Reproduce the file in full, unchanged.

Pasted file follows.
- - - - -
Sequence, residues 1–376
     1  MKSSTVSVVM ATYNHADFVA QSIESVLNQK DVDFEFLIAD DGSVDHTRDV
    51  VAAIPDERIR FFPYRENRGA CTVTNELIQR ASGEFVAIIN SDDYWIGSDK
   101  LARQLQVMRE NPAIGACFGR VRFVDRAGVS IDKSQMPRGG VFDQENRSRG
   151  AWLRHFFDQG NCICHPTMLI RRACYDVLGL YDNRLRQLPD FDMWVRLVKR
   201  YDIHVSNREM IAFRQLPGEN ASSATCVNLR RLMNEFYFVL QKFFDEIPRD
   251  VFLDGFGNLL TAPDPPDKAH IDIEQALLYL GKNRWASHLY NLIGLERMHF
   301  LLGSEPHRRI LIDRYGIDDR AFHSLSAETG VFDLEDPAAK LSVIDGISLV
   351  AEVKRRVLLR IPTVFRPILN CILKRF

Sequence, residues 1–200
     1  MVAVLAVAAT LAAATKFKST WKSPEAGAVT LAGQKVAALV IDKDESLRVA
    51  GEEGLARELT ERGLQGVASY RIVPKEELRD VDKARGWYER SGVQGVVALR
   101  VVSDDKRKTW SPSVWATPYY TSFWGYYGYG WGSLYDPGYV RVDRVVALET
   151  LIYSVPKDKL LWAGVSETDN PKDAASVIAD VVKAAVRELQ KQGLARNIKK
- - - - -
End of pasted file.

Sequence, residues 1–376
     1  MKSSTVSVVM ATYNHADFVA QSIESVLNQK DVDFEFLIAD DGSVDHTRDV
    51  VAAIPDERIR FFPYRENRGA CTVTNELIQR ASGEFVAIIN SDDYWIGSDK
   101  LARQLQVMRE NPAIGACFGR VRFVDRAGVS IDKSQMPRGG VFDQENRSRG
   151  AWLRHFFDQG NCICHPTMLI RRACYDVLGL YDNRLRQLPD FDMWVRLVKR
   201  YDIHVSNREM IAFRQLPGEN ASSATCVNLR RLMNEFYFVL QKFFDEIPRD
   251  VFLDGFGNLL TAPDPPDKAH IDIEQALLYL GKNRWASHLY NLIGLERMHF
   301  LLGSEPHRRI LIDRYGIDDR AFHSLSAETG VFDLEDPAAK LSVIDGISLV
   351  AEVKRRVLLR IPTVFRPILN CILKRF

Sequence, residues 1–200
     1  MVAVLAVAAT LAAATKFKST WKSPEAGAVT LAGQKVAALV IDKDESLRVA
    51  GEEGLARELT ERGLQGVASY RIVPKEELRD VDKARGWYER SGVQGVVALR
   101  VVSDDKRKTW SPSVWATPYY TSFWGYYGYG WGSLYDPGYV RVDRVVALET
   151  LIYSVPKDKL LWAGVSETDN PKDAASVIAD VVKAAVRELQ KQGLARNIKK